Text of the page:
I’ve talked about this preparation before, and even done most of it. But I’ve allowed the inertia of life’s momentum to keep me from stopping the daily routine long enough to finish it all up. It’s time to correct that. And to do a few other things – not end-of-life stuff, but examine the life we are living now, to see what can be done to make what remains of our span happier, healthier, and perhaps longer (with the caveat the First Reader made, that he only wants to linger as long as he’s useful. He doesn’t want to live the end out rocking on the porch being fed gruel). This loss was like hitting a patch of black ice when we weren’t expecting it. After you straighten out and are safely back on the road, you’re wide awake, heart pounding, and need to pull the upholstery out from between your cheeks. That’s when you try to learn from what went wrong.

Slow down. Plan ahead. Put both hands on the wheel. Stop thinking about the workday ahead, and focus on the present moment.

12 thoughts on “Inertia

  1. There comes a time in life when we realize that more things are being taken away than are given to us.Health, friends, loved ones, etc. That’s when it is past time to remind ourselves that nobody gets outta here alive. Personally. I have ever-so-slowly come to realize that the pursuit of happiness is an undertaking both foolish and futile. The worthy goal for any of us is: Am I leaving this world a better place for my having been in it? For MOST of us, that answer takes the form of the kids we’ve put in it. (And you wonder why I admire mothers so much.)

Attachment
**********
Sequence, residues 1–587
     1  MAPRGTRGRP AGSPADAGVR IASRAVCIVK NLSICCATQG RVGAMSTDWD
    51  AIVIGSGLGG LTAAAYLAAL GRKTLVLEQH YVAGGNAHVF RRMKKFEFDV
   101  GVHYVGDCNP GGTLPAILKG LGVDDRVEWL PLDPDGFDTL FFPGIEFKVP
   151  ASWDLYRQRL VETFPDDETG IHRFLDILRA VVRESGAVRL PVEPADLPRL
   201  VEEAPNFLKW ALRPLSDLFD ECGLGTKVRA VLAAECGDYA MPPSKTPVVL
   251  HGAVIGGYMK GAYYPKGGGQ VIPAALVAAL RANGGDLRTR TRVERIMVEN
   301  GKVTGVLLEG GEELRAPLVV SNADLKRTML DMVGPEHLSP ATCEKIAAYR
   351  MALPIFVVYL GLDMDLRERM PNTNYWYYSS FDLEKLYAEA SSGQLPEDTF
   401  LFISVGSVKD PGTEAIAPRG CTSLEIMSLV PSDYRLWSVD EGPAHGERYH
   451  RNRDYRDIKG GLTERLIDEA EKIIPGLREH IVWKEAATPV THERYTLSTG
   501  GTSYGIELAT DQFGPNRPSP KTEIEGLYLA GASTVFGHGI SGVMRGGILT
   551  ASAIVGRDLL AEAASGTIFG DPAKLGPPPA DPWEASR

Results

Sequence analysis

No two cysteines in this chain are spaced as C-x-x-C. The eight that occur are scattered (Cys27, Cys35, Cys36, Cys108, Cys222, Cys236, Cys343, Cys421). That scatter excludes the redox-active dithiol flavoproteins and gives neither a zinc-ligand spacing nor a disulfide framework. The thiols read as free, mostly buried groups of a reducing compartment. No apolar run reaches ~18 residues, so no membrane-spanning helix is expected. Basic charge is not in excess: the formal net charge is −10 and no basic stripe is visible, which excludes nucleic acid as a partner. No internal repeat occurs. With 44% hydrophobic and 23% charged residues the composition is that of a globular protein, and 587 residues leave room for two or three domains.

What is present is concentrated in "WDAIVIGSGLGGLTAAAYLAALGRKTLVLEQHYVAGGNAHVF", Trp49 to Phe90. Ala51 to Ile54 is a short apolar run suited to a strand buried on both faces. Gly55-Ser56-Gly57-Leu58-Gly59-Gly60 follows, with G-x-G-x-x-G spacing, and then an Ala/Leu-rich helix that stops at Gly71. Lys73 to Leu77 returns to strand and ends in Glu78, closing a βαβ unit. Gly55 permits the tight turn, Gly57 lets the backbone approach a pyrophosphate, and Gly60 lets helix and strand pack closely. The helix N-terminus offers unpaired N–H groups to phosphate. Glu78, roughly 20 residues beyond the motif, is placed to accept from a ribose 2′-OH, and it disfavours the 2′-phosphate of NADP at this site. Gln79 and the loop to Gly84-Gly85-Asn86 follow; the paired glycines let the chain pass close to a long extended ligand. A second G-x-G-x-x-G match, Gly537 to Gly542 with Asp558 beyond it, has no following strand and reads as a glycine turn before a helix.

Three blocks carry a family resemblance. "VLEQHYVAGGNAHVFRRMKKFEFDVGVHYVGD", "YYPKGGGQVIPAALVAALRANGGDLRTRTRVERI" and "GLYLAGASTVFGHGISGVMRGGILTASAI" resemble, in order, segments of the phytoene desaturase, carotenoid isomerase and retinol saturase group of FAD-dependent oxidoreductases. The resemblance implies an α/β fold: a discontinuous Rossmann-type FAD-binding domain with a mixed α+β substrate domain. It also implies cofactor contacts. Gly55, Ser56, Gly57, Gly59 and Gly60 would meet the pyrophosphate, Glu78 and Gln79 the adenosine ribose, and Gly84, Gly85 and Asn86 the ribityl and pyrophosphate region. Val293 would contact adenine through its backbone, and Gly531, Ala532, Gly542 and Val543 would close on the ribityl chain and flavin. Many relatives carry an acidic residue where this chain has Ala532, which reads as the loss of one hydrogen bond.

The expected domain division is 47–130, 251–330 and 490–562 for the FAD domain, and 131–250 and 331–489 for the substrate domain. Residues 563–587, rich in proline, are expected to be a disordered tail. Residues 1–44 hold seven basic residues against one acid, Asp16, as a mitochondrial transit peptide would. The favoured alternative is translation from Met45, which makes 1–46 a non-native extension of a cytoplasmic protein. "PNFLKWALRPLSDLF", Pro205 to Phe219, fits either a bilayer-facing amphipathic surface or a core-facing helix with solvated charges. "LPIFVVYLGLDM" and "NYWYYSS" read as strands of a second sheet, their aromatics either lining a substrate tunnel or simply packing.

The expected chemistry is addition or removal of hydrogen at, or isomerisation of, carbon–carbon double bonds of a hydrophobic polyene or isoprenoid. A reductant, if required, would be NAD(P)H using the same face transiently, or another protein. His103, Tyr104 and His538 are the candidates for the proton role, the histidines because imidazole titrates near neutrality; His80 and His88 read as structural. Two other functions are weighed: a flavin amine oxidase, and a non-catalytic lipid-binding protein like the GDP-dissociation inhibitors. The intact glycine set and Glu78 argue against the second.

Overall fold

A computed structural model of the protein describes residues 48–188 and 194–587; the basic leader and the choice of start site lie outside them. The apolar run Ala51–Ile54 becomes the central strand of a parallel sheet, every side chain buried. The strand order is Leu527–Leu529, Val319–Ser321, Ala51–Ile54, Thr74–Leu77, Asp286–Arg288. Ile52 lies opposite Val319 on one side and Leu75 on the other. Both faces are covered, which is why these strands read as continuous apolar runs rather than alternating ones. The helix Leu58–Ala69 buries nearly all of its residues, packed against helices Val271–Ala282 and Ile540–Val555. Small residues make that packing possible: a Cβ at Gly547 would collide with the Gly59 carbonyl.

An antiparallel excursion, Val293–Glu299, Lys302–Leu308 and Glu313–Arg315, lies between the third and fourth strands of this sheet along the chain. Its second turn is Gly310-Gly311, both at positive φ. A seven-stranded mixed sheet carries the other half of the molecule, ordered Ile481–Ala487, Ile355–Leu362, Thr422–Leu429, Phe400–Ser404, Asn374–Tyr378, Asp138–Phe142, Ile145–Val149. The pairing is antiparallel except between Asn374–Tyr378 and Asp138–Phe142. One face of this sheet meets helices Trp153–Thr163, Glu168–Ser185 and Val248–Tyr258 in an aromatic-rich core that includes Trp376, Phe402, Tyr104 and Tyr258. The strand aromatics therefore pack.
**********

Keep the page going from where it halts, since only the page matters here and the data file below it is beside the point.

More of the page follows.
1. Oh, I don’t know. I think pursuit of happiness is still valid. It may just be that what makes me happy isn’t the same thing it is for most people. Seeing my kids grow up and start taking steps to becoming responsible adults makes me happy. Getting to step out on the porch and snap photos of deer playing makes me happy. Digging in the dirt to plant a garden, and later eating what it produces, that makes me happy.

      1. I have never claimed that we should not enjoy the happy moments life allows us. But 500 years from now, what matters? Is Shakespeare known for his writing, ot do we remember him for being happy?

        1. Hm. But did Shakespeare write to leave a legacy, or to feed himself and his family (and likely more than a little amusement at the time, just from having read all his plays)? I think if we look at what has become ‘classic’ we’ll find that a lot of it was written unselfconsciously, with no intent of the work surviving for the edification of the ages. Frankly, the art and literature that was written with the stated purpose of becoming ‘classic’ I find is often almost intolerable.